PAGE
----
Best advisory Karbone Evolution Markets
Best law firm =Chadbourne & Parke; =Baker & McKenzie  
 WinnerRunner up
Best broker Enegia Group Cleanworld
Best trading company South Pole Group  
Best advisory South Pole Group  
Best law firm Baker & McKenzie  
 WinnerRunner up
Best broker TFS Green  
Best law firm Baker & McKenzie  
 WinnerRunner up
Best broker Element Markets  
Best trading company Bluesource  
Best advisory Element Markets  
Best law firm Baker & McKenzie  

ITC and PTC were extended in a surprise bipartisan move by Congress in December 2015, for another five years. However, many projects that had been rushed through before the credits were due to expire, came online in 2016. These added to the oversupply of RECs, explains Alexander.

However, while RECs prices have fallen in some markets, various factors, including the election victory of Donald Trump, could cause power prices to rise in the coming year, according to Bensusan.

"The immediate effect of the US election was that the yield on 10-year Treasuries went up, and this is impeding some people from making deals that they could have made a month earlier, due to their cost of capital going up," he says. "REC prices may go up next year, if it becomes apparent that there isn't more supply coming online."

As most RECs markets are state regulated, Bensusan expects the market to continue to grow as "states that have a RECs markets will pursue the course even deeper."

Chadbourne & Parke's Alexander agrees saying: "I do not expect that we will see a repeal of either the investment tax credit or the production tax credit, which are the two principal federal incentives available to renewable energy projects. Rather, I expect that Congress will allow the current phase outs of these tax credits, which are already underway, to continue to take effect."

Across the Atlantic, the price of Guarantees of Origin (GOs), the EU version of RECs, more than doubled early in 2016.

Izzet Bensusan, KarboneFor example, prices for Norwegian hydro GOs climbed to 0.40 ($0.43) per MWh February from 0.15, before seeing prices drop back down to 0.20. This unusual level of volatility was attributed to a surprise announcement by the UK regulator, Ofgem, that foreign GOs could be used to comply with its national system.

However, the UK, which operates a separate renewable certificate market called Renewable Energy Guarantees of Origin (REGO), dampened market exuberance when it later clarified that the scheme would not affect 2016 supply, causing prices to fall back slightly.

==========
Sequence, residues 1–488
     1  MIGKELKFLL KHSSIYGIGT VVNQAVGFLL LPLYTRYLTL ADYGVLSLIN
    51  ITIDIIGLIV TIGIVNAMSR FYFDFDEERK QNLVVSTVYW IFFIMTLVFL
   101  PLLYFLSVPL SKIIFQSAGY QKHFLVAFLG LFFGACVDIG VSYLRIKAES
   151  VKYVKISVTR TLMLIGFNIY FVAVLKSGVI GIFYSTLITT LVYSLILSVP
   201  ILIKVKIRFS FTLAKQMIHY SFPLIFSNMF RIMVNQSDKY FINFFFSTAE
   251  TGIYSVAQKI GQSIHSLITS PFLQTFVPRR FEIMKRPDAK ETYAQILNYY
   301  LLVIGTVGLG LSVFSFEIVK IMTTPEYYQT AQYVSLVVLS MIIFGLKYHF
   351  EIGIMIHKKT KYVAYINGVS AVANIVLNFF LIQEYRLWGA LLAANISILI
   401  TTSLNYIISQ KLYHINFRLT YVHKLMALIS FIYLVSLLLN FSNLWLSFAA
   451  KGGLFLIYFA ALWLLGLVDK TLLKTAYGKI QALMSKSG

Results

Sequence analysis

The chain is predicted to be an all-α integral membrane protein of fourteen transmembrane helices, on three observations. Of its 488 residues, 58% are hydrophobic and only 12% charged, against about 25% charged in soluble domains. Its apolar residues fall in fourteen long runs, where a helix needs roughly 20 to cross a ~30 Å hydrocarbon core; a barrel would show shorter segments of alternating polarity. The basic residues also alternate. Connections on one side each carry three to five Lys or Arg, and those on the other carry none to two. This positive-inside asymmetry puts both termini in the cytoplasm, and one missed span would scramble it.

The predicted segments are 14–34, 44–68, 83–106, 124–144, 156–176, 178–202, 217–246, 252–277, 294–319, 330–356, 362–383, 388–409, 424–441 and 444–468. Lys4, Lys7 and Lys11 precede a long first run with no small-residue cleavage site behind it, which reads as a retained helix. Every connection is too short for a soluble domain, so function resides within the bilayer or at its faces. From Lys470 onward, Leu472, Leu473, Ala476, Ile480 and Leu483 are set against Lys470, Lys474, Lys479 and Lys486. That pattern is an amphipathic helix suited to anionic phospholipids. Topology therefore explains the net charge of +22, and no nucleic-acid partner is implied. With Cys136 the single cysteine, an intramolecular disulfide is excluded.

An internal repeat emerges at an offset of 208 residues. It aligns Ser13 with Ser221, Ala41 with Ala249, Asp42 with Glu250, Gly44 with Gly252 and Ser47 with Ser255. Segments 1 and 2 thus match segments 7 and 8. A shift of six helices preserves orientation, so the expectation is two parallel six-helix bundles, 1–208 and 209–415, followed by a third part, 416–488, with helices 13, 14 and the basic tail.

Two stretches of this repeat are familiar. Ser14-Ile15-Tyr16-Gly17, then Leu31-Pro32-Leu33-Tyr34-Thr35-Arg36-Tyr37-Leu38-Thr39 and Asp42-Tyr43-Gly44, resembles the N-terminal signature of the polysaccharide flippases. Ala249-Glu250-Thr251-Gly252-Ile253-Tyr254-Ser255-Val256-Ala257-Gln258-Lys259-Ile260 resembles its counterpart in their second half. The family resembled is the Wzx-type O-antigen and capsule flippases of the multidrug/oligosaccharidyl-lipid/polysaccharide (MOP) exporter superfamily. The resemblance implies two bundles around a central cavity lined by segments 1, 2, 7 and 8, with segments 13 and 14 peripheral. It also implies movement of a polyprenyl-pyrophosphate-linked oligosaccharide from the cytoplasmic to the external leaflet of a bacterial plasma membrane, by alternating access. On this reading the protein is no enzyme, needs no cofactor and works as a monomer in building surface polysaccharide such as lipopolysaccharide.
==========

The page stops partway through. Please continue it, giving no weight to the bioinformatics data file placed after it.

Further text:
"It's not often that you see such dramatic price jumps in this market," says Suvi Viljaranta, portfolio manager at Enegia, which was voted Best Broker for European RECs for the second year in a row. "All of a sudden, in February, Ofgem makes an announcement that some GOs could be used to get exemptions from the feed-in-tariff and the price of GOs jumps to €0.40."

GOs have also been boosted by a rise in European demand for renewable energy of just over 9% since 2014. Initiatives such as RE100 – through which companies have pledged to source 100% of their electricity from renewable sources – have added to the traditional household demand for green energy in Europe, says Marie Christine Bluett, head of renewables portfolio management at South Pole Group, which was voted Best Advisory for European RECs.

"We now have large end-consumers prescribing themselves to renewable energy consumption goals on a never before seen scale," she says.

Five countries account for three quarters of the RECs demand in Europe – Germany, Sweden, Switzerland, the Netherlands and Italy. But Germany, which has for the past few years been the biggest importer of GOs, has seen demand fall for the first time in five years. The country purchased 65 TWh during the first half of 2016, a drop of 5% year-on-year, but remained the biggest market.

Norway, Austria, Finland, Denmark, France and Belgium currently make up the next group of countries – each with a steady market demand of between 10 and 35 TWh annually, according to Viljaranta.

"We have seen a tremendous drop in the cost of these projects"
Izzet Bensusan, Karbone

Meanwhile, in Australia, the RECs market reached record highs, after the government's new targets for renewable energy, announced in June 2015, gave a boost to trading.

The new targets are 33,000 GWh by 2020 for large scale renewable energy such as wind farms (the Large Scale Renewable Energy Scheme) and a Small Scale Renewable Energy Scheme for technologies, such as solar PV on residential properties, which has an aspiration, but not a target, of 4,000 GWh by 2020.